Joy's superyacht, the 43.5 metre Ethereal, was delivered in 2009.
“It was sailing with Bruce aboard his Juliet; such a great experience. I actually met Bruce before he built Juliet. He had a lifelong dream of building [his own boat to sail around the world] and because we both like design, we talked a lot about it. I inherited that dream,” says Joy.
After 21 years at Sun Microsystems, Joy made a huge career shift, becoming a venture capitalist with the Silicon Valley firm Kleiner Perkins Caufield & Byers (KPCB) in 2005. He put his analytical ability into identifying and investing in disruptive early-stage “green” technologies, notably wind, solar, energy storage and semiconductor technologies for mobile devices. The late Tom Perkins, an avid sailor, nurtured Joy’s nascent interest in sailing while former US vice president Al Gore, a KPCB senior partner, influenced him to build the most efficient, eco-friendly yacht possible.
With Ethereal, Joy attempted to create the most efficient, environmentally-friendly superyacht possible.
When the time came to fulfil his sailing dream, Joy wanted the same team that created Juliet: Ron Holland as naval architect with the late Pieter Beeldsnijder for the interior and Royal Huisman to build it. “I really wanted to do a project with Pieter,” says Joy. “Bruce’s description of working with him was just so great.” Beeldsnijder and Joy hit it off. “It was such a pleasure to watch him work. He was very much an old-school person. He wouldn’t sit at a computer, he would sketch with pencil. He could freehand perspective drawings. He was a wizard and he could make you understand how things were going to feel. He was such a joy to be around. His effervescent happiness in doing the design was infectious,” Joy recalls.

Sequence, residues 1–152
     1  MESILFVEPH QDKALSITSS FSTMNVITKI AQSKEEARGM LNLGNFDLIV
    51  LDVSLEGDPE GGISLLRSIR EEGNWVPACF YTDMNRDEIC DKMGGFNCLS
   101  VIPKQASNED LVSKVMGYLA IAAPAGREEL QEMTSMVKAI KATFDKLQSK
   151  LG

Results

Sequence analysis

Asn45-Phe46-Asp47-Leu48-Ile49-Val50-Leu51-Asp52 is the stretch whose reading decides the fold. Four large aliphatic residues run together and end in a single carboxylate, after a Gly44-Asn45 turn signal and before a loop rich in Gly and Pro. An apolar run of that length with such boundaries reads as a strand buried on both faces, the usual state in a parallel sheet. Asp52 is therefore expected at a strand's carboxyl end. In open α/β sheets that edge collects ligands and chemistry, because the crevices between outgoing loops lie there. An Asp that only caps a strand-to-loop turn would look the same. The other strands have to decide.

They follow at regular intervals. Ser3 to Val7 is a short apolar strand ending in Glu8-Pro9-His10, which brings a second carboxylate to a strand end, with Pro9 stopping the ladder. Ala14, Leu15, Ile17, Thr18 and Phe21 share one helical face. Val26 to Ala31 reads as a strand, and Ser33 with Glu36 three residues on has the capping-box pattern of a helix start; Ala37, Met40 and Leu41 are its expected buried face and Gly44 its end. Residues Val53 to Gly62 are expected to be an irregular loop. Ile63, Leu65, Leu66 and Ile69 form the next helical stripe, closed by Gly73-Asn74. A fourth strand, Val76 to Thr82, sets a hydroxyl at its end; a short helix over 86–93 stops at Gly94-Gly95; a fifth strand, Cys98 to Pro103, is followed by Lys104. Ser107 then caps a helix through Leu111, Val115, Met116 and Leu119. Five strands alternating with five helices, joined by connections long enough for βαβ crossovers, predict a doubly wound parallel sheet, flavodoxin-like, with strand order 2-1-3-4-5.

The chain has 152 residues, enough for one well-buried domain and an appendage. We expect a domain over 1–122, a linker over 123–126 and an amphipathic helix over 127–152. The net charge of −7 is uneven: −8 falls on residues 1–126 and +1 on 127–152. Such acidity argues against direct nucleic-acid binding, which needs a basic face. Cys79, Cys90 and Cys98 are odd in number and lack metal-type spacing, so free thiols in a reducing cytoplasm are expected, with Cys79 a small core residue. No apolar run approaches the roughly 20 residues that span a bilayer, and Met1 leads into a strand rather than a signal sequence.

While Katz’s project was driven by emotion, Joy approached the build of his family-focused yacht with the mind of an engineer. “I’m not a sailor; I don’t sail the boat. I’m an engineer,” he admits. He and wife Shannon wanted everyone involved with the project to think outside of the box. Every system was challenged and optimised. At one point, Royal Huisman set up five tents in the yard as workshops so that the scientists, engineers and technicians the Joys brought into the project could be developing on site in immediate proximity to each other. The yacht, launched in 2009, was a living laboratory, with efficiency woven into every corner and system on board.
The Joys with Ethereal’s interior designer Pieter Beeldsnijder and his team.